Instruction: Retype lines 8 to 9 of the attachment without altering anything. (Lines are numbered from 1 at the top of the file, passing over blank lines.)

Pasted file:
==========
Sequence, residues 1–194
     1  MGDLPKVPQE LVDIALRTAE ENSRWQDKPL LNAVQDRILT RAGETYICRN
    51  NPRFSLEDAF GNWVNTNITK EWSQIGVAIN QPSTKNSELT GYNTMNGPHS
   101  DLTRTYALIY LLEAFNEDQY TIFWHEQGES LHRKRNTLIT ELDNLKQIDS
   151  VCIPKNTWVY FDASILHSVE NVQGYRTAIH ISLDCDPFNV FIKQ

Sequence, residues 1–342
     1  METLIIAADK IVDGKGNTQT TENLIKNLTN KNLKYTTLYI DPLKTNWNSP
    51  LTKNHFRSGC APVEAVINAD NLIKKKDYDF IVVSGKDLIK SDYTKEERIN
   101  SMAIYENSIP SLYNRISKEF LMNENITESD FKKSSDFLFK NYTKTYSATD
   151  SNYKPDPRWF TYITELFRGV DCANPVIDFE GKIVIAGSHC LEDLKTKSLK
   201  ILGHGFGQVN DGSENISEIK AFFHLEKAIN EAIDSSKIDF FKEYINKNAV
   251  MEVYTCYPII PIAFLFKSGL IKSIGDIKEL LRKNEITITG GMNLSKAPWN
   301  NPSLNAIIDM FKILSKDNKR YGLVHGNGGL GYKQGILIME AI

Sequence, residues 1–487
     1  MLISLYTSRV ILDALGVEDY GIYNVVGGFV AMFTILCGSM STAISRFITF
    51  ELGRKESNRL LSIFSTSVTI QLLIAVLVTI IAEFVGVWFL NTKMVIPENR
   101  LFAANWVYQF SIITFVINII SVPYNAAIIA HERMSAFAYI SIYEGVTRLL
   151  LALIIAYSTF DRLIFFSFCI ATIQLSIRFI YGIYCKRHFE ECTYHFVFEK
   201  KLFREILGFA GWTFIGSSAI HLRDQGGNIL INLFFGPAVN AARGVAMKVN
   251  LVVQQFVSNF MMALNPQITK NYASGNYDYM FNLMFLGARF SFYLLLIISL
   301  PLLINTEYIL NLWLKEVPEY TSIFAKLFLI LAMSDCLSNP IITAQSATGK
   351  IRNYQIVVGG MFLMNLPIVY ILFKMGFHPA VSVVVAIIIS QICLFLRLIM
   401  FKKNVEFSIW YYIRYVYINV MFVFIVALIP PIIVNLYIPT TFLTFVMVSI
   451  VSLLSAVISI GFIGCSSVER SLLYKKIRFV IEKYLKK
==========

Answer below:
    51  LTKNHFRSGC APVEAVINAD NLIKKKDYDF IVVSGKDLIK SDYTKEERIN
   101  SMAIYENSIP SLYNRISKEF LMNENITESD FKKSSDFLFK NYTKTYSATD